Some of the most terrible diseases in history have been making a comeback recently. We’ve seen outbreaks of pertussis, measles, mumps, even polio—diseases we have rarely seen in the U.S. for years.
One of the easiest ways to prevent many of these diseases is to vaccinate against them. In addition to protecting the vaccinated child, immunizing individual children also helps protect the health of the community, especially those who cannot be immunized.
According to the Centers for Disease Control, newborn babies are immune to many diseases because they have antibodies passed down from their mothers. However, this immunity goes away during the first year and for this reason, childhood immunization begins at birth.
There are currently 14 diseases that can be prevented with routine childhood vaccinations:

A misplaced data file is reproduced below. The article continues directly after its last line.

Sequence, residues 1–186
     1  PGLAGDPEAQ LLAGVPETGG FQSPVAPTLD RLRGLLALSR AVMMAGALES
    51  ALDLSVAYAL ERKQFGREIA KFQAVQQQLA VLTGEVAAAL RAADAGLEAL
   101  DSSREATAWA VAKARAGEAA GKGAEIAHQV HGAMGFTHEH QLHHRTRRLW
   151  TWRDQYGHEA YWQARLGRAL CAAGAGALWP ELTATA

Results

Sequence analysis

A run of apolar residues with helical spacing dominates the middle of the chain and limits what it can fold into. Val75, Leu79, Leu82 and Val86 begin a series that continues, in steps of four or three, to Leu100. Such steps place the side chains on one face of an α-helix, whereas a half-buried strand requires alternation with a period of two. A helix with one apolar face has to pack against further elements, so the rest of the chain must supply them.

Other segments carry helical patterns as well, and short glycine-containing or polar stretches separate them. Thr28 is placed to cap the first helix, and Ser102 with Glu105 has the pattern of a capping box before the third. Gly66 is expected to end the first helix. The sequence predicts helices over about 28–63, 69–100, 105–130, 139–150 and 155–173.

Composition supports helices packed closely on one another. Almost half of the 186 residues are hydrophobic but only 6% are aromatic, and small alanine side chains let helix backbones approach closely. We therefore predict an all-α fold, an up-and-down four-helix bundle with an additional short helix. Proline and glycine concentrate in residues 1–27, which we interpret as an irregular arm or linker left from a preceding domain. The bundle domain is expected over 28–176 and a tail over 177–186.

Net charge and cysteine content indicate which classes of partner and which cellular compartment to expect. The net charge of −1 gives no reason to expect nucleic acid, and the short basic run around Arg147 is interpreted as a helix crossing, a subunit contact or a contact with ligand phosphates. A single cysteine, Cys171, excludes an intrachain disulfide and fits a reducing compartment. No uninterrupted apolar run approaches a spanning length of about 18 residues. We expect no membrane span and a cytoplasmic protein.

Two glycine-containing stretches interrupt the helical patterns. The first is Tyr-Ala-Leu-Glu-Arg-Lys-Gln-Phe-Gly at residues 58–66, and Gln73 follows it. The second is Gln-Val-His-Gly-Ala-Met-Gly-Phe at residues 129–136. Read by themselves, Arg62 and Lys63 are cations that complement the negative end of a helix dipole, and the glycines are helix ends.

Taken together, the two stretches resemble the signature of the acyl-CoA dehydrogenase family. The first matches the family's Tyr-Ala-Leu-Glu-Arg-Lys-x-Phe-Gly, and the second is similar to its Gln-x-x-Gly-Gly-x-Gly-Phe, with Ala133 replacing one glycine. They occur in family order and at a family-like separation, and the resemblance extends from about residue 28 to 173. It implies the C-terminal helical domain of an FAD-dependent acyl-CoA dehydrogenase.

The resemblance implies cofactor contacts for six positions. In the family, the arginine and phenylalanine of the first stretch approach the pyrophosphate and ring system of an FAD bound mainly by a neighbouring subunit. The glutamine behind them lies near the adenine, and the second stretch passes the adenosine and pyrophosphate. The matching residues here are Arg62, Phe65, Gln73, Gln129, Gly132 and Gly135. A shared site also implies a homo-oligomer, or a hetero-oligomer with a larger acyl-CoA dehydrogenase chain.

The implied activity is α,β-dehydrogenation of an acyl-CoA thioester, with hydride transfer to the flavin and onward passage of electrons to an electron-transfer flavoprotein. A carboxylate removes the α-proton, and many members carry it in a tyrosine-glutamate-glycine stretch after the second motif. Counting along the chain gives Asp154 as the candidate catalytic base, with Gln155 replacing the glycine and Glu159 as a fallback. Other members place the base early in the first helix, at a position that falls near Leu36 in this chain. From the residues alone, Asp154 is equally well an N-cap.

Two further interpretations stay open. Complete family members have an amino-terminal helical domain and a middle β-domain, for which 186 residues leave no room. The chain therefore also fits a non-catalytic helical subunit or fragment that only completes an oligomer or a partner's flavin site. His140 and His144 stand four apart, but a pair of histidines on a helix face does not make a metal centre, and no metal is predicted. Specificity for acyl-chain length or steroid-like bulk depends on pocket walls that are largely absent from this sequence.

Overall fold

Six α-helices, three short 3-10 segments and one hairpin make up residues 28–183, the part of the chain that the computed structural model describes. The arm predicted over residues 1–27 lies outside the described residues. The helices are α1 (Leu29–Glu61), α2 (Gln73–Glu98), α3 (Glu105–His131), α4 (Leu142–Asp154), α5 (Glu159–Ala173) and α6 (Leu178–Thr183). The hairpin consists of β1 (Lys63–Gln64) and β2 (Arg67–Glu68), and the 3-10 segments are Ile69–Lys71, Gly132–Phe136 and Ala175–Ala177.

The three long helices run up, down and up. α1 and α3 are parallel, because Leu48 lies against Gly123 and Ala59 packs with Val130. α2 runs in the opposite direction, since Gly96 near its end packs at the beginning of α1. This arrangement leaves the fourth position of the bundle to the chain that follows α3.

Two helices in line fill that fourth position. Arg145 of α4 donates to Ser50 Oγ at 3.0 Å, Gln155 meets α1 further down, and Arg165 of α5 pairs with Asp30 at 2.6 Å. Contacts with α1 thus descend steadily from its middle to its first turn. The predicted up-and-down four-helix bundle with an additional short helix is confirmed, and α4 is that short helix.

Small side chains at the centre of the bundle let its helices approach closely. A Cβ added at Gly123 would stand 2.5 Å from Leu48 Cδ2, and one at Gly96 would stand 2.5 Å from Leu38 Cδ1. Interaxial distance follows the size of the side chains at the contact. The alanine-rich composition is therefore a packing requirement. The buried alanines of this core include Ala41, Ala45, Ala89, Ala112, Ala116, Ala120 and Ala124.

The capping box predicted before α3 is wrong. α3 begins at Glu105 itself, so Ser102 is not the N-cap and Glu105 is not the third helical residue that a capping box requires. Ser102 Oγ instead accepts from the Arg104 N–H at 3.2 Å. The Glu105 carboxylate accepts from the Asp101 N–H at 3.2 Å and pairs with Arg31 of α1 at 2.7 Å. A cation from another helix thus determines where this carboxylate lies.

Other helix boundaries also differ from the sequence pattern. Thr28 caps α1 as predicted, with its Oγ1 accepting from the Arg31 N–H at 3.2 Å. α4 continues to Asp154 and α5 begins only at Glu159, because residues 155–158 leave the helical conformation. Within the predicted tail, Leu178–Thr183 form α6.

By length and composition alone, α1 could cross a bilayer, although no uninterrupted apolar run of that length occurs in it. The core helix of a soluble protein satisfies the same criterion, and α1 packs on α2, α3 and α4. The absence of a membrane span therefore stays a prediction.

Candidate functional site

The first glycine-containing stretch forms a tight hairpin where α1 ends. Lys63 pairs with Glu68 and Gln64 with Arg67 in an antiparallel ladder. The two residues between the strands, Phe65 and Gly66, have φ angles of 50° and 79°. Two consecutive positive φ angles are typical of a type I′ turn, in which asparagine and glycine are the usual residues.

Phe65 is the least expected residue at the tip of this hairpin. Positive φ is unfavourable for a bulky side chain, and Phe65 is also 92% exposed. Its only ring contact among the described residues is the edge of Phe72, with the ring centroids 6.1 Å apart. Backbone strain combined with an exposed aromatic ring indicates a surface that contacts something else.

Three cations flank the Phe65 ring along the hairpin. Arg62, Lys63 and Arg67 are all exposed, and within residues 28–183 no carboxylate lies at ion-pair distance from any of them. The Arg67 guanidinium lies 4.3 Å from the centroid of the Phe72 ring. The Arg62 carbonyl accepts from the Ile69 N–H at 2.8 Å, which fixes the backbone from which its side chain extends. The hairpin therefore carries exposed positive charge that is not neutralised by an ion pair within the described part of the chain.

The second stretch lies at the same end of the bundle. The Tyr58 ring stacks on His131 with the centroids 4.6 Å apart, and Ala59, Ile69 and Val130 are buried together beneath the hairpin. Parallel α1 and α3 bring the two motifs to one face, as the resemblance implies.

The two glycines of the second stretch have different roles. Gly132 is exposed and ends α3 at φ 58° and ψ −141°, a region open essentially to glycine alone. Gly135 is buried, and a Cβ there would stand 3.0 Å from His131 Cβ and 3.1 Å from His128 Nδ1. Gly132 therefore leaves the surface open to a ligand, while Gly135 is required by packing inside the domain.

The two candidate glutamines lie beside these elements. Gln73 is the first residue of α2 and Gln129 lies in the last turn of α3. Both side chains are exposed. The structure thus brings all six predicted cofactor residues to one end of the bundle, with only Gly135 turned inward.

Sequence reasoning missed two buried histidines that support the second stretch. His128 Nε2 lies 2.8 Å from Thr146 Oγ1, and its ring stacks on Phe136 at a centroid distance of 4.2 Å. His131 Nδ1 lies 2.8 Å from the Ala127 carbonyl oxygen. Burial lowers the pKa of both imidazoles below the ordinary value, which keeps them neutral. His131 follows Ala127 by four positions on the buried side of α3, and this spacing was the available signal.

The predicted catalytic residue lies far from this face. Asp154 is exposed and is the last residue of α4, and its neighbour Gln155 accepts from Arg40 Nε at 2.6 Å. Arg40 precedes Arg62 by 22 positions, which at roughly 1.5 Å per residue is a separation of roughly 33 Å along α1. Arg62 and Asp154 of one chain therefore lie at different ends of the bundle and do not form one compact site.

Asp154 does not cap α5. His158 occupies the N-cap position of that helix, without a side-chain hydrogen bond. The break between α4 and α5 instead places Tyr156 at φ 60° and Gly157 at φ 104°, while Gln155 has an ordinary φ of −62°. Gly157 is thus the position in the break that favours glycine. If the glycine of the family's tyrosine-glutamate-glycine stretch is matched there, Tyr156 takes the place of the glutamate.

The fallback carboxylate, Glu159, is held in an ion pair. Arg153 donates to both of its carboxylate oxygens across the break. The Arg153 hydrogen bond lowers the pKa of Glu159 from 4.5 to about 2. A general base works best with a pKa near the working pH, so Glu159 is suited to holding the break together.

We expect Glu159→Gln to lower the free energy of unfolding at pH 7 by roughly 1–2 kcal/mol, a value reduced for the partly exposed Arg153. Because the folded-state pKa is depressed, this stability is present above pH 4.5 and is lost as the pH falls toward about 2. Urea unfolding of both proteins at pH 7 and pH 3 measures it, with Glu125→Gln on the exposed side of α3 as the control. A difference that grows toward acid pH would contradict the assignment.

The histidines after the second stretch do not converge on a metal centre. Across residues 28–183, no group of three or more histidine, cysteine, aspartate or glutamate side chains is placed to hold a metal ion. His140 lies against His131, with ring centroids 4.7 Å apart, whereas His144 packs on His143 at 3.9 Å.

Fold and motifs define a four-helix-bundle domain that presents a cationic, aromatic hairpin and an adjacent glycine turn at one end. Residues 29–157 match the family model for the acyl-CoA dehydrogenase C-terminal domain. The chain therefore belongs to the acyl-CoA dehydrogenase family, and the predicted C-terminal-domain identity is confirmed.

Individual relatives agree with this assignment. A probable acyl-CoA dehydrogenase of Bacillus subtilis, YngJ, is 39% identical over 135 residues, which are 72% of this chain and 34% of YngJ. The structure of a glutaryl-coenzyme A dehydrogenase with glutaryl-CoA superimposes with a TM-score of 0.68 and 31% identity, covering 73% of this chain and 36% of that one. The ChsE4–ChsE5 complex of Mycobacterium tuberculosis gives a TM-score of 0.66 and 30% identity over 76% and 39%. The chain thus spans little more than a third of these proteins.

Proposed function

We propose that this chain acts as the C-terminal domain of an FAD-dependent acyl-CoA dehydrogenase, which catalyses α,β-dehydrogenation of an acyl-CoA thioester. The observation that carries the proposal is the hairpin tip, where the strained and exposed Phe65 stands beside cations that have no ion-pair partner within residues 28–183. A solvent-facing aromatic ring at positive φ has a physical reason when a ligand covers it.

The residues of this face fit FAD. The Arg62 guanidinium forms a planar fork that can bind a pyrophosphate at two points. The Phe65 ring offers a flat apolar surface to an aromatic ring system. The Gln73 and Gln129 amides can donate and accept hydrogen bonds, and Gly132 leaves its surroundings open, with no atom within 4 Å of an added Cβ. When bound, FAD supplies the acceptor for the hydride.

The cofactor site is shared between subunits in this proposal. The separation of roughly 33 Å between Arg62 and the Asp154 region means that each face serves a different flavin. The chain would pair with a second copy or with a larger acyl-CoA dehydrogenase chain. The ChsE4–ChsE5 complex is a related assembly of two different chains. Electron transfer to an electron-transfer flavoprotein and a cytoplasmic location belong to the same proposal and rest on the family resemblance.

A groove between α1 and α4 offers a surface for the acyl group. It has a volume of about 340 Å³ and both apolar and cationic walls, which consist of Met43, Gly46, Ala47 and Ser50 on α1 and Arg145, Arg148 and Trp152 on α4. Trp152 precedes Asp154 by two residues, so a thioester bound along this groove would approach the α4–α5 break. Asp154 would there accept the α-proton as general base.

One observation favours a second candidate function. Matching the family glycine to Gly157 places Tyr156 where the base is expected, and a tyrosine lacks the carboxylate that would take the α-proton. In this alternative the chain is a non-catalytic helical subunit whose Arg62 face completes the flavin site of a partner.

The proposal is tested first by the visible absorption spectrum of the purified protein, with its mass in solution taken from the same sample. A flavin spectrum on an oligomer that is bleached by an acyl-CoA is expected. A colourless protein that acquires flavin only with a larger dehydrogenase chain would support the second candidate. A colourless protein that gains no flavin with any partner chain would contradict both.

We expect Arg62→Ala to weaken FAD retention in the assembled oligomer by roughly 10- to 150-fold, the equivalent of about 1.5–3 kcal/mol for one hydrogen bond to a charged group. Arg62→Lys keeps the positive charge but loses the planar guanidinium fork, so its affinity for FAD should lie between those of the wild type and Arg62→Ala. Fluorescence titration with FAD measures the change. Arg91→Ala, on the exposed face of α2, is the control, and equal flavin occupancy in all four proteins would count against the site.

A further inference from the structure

- Hepatitis A
- Hepatitis B
- Haemophilus influenzae type b (Hib)
- Influenza (flu)
- Pertussis (whooping cough)
- Pneumococcal Disease
- Varicella (chickenpox)
All childhood vaccines are given as a series of two or more doses. However, if you have concerns about your child receiving so many doses at one time, talk to your doctor. There is some flexibility for when some of the vaccines can be administered. Share any questions or concerns you have about vaccinations with your child’s pediatrician.
For a printable immunization schedule, click here. For regular reminders, there’s an app for that. Search the latest immunization recommendations—whenever and wherever you choose—by age, condition, etc., using this free app from the American Academy of Family Physicians.